I received an ARC copy from the author but that has in no way influenced my review, which I freely chose to write.
This is the fourth book in The Great Devil War Series, a series that I’m enjoying enormously, and I loved this part as well. As I warned in my review of the previous book, that one ended with a huge cliff-hanger, but you don’t need to worry; that is not the case here. And not only that, but many of the mysteries and questions that had yet to be answered from the rest of the series get their answers here (we even learn the meaning of life! No, I won’t tell you what it is. You’ll have to read the book to find out!). In many ways, this book felt like the end of the series. But, luckily, there is a teaser with the first chapter of the next book included, so you can breathe easy if you’ve loved the series as much as I have. If you’ve read the previous novels a while back, don’t worry; there is enough information of what went on before to bring you up to speed, but I would recommend readers who haven’t read any other novels in the series to start at the very beginning, otherwise they’ll miss a lot of the fun, and the story won’t work as it should.
I am not going to discuss the plot in detail, for evident reasons, but we have Philip taking control of the situation and coming to the rescue more than once, and there’s also a mystery at the heart of the book (Aziel, Lucifer’s sworn enemy, is up to no good, the Devil War of the title approaches, but how is he planning to win it?), with plenty of cryptic clues (people with a knowledge of the Bible might have their suspicions, but it’s not straightforward), red herrings, twists and turns, plenty of action; we revisit some of our favourite characters, and meet some new ones (I particularly enjoyed Samson’s guest appearance, but I won’t spoil the rest of surprises). As the description promises, all Hell breaks loose, literally, and it is epic. Oh, I loved the ending as well, although it feels bittersweet.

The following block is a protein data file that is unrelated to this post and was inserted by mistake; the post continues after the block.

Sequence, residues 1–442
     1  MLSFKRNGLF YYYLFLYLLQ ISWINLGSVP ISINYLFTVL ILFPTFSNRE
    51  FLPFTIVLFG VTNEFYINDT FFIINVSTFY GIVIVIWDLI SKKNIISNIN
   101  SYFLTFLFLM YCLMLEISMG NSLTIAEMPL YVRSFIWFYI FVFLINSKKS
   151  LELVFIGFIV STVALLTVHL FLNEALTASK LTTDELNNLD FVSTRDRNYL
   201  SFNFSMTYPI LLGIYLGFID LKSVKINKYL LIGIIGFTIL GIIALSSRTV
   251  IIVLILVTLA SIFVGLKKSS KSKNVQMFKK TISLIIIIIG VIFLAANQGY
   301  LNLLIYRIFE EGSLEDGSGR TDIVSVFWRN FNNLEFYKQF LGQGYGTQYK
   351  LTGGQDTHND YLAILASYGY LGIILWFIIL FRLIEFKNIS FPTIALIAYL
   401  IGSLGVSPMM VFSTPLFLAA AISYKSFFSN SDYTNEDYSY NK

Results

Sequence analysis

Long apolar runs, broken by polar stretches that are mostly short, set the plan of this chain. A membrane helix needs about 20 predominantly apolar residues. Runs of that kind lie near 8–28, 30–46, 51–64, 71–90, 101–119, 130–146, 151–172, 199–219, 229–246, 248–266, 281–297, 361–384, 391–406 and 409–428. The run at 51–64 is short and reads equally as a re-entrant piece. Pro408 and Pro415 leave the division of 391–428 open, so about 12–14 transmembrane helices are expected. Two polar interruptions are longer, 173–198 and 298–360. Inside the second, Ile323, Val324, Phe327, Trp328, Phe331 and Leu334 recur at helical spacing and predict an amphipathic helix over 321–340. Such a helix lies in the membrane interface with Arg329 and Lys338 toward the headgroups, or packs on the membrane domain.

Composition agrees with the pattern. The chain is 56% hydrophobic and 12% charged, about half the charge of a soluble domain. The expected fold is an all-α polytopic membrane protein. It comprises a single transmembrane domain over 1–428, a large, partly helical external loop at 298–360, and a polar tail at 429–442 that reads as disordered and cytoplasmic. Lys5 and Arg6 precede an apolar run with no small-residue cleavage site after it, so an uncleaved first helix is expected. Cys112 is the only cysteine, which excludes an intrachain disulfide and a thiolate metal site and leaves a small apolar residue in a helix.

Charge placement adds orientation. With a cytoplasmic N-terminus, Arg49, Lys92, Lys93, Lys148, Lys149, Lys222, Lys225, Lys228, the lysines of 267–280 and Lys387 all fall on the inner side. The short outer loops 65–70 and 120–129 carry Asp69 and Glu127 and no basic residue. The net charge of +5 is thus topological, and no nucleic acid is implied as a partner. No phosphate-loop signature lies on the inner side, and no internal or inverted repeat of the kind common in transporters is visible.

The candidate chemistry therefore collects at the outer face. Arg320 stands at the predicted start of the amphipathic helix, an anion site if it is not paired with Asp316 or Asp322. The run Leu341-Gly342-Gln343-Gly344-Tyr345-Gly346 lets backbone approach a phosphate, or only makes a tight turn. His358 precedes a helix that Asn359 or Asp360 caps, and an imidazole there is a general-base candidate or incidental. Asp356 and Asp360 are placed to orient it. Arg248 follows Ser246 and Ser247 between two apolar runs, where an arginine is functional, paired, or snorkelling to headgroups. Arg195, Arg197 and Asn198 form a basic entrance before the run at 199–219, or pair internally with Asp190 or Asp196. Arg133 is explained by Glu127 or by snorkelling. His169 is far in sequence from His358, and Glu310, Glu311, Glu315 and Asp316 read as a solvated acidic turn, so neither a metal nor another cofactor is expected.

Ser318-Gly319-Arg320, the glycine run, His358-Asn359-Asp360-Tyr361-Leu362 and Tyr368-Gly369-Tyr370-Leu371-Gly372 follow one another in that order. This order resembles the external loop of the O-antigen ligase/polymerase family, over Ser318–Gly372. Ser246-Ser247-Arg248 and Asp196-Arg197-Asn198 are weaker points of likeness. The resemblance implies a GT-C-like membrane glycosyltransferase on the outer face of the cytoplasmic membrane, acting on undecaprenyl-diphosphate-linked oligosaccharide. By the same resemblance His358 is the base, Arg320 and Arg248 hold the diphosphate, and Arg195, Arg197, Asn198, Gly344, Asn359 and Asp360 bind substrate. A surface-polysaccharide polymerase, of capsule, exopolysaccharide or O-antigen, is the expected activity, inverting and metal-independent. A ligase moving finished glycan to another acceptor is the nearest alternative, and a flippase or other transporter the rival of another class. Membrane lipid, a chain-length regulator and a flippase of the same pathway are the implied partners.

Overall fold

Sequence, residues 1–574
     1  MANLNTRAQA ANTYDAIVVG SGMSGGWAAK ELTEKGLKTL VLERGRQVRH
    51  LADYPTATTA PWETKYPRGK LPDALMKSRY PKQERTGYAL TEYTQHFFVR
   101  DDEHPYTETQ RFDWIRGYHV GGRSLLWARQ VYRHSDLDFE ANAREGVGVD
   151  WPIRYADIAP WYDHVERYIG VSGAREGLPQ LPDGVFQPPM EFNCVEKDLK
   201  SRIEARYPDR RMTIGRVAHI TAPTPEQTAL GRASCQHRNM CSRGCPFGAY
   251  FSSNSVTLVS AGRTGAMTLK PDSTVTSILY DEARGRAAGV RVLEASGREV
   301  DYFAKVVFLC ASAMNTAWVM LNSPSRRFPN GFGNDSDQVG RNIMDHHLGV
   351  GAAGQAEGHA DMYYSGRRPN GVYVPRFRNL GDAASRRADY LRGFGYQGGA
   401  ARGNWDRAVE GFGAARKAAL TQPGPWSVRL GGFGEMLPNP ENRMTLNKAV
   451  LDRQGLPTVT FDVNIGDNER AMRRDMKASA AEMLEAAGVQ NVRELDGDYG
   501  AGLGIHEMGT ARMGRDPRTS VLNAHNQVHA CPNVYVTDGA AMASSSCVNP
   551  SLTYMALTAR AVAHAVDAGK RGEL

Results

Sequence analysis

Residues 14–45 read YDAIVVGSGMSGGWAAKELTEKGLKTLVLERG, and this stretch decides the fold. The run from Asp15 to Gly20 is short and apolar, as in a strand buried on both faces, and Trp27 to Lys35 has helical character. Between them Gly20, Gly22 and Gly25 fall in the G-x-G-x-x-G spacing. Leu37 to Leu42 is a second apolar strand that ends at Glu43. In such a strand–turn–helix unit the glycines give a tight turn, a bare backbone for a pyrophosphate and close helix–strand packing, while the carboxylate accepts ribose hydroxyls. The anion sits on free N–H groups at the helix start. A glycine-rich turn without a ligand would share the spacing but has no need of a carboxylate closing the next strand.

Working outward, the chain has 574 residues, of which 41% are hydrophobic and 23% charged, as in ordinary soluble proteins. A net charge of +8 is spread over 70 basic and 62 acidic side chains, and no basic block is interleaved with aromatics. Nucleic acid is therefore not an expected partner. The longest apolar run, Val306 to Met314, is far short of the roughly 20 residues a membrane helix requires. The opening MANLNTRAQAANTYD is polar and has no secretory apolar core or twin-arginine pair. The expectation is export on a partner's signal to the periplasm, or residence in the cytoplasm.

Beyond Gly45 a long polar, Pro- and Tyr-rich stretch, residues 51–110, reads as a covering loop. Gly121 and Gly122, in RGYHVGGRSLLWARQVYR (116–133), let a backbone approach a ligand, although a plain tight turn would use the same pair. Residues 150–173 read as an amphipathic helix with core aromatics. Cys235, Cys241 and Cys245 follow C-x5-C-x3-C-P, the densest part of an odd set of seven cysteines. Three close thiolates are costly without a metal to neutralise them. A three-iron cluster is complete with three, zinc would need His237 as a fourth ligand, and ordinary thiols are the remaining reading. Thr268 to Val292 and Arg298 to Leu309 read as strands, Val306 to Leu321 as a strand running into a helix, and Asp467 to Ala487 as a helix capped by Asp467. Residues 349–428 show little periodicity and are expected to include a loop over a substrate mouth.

The writing is as good as in previous books, with vivid descriptions of places and characters that don’t detract from the flow of the story. If anything, I’d say this book is darker than the previous ones, and although there are humorous moments, there is plenty of suffering (both physical and psychological), more explicit violence (young adults who love gore, bloods and guts will be happy), and subjects such as loss, death, choice, free will, betrayal, identity, sacrifice… are explored in detail, always within the realms of the story. The character is growing up, and so are his concerns and the seriousness of the decisions he is confronted with.
I was a bit disappointed with the role of the female characters in this instalment. Satina is not in a position to act as she usually does, for reasons to do with the story, and none of the females seem to take active part in the big scenes, but this does not detract from the enjoyment of the adventures (although it is, perhaps, a lost opportunity).
I recommend this book, and the whole series, to YA and adult readers who love fantasy, adventures, are not squeamish and love a touch of horror, monsters and dark events. This is a great coming of age story as well, and it will suit readers who appreciate complex characters to go with their thrills and exploits. There are tonnes of risky moments, scares aplenty, and surprises to keep readers hooked. Oh, and although many questions are answered, I’m already mulling over some new ones. I’m looking forward to The Fallen Angel already.